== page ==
The most common cause of bleeding gums is Gingivitis. Also known as inflammation of the gums, gingivitis is a disease of the soft tissues surrounding and supporting the teeth. It is a bacterial infection caused by microbes in plaque which is allowed to settle and grow around the gum edges.
One of the most significant signs of gingivitis is bleeding from the gums. This is not normal, but is an inevitable indication of disease. It might be noticed on the toothbrush following brushing, in the toothpaste on spitting out, or even on biting into some fibrous foods, eg. apples. In severe cases, the gums might bleed spontaneously, particularly during the night when blood may be found on the pillow.
Most gingivitis is of the chronic type: it is generally painless, has slow onset and is most easily detected by bleeding. Most gums are pink in colour, although they are sometimes pigmented, especially in dark skinned people.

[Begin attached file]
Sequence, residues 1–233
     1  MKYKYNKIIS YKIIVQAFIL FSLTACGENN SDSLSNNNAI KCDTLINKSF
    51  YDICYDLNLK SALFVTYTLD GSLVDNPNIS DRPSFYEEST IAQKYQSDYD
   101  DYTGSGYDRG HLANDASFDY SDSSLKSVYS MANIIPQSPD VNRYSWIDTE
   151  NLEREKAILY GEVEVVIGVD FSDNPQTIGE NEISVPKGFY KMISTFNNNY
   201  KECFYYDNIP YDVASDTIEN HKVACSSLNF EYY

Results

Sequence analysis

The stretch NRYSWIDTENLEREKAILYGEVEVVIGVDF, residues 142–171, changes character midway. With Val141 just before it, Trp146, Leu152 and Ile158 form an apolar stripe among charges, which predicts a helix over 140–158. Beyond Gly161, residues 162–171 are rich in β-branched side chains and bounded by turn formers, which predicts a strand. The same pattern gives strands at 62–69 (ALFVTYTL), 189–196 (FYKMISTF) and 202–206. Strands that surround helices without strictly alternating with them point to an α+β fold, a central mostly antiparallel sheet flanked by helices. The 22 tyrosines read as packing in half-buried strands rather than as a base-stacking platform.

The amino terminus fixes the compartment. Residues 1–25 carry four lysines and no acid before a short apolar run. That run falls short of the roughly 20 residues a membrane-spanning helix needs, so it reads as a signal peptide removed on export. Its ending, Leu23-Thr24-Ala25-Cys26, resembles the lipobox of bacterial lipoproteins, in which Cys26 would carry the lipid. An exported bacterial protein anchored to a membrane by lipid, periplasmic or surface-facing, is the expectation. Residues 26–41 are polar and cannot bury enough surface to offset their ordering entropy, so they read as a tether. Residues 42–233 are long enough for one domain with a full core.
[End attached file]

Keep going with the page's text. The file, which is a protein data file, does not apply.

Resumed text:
When diseased, the gums look red and may be swollen and loose at the margin where the tooth emerges. There may even be some tenderness if the inflammation is severe.
Who is susceptible to gingivitis? Almost anyone, particularly if their cleaning is inadequate. In between the teeth is a very common area for gingivitis to occur if dental floss is not used daily, and also on the tongue side of the teeth because this is a harder area to reach with the toothbrush.
Some people are unusually susceptible: eg. during hormonal changes as in young people during puberty – the so-called puberty gingivitis, and during pregnancy. Smoking makes people more prone to gum infection from plaque. Other risk factors are stress and general disease, particularly poorly-controlled diabetes.
If left untreated, Gingivitis may progress to Periodontitis, in which the disease spreads along and around the root of the tooth, destroying the bone attachment, and eventually leading to tooth loosening and loss.
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